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  • Writer's pictureDave Boniface

Plastic prison

In an attempt to find a positive focus for the recovering addicts slightly ahead of ‘just something to do’, a number of the young men have organised a clean-up team that can be hired to make the narrow alleyways more palatable and clear the congested sewer gulleys that are plagued by single-use plastics. The rotting aromatic waste is scooped into large plastic bags and loaded onto a steel push cart to be man hauled to a waste processing facility on the edge of Kibera. A small charge is collected from the affected residents and the profits are divided up amongst the young men. Remarkably most of them elect to save a small amount each week in a holding fund for a future they now aspire to.

Kibera in a very Kibera way complicates and hinders this process from all angles. Charging and collecting shillings from those with little income for disposing of waste is not easy. The purchase of the hand cart was made by outside supporters (just where do you securely night store a large hand cart?) and the processing facility charges the boys for each bag, eating into their micro profits. Then there are the waste bags themselves.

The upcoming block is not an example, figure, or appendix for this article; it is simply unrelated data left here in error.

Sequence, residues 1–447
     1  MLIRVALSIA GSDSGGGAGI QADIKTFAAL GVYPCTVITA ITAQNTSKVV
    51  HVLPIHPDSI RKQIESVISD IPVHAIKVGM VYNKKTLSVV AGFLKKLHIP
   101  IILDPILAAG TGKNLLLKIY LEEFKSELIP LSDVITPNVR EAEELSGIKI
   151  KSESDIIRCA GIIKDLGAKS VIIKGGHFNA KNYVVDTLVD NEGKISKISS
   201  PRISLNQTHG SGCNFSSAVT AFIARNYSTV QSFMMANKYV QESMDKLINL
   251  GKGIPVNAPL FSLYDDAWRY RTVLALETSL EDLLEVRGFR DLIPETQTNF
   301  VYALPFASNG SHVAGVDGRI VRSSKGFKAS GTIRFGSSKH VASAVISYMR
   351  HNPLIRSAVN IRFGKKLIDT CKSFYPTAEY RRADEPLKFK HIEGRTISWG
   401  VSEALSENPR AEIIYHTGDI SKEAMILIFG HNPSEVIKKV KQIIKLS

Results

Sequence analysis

Not wanting to be outdone by Rwanda and Morocco, the Kenya government green-washed the use of single-use plastic five years ago and has started to enforce this on those that can afford it the least. Maintaining that the more expensive woven bags are reusable may be true but the practicalities and realities of the Chinese copies, which are not recyclable, have yet to be addressed. Failure to comply is reinforced with a possible four years of custody.

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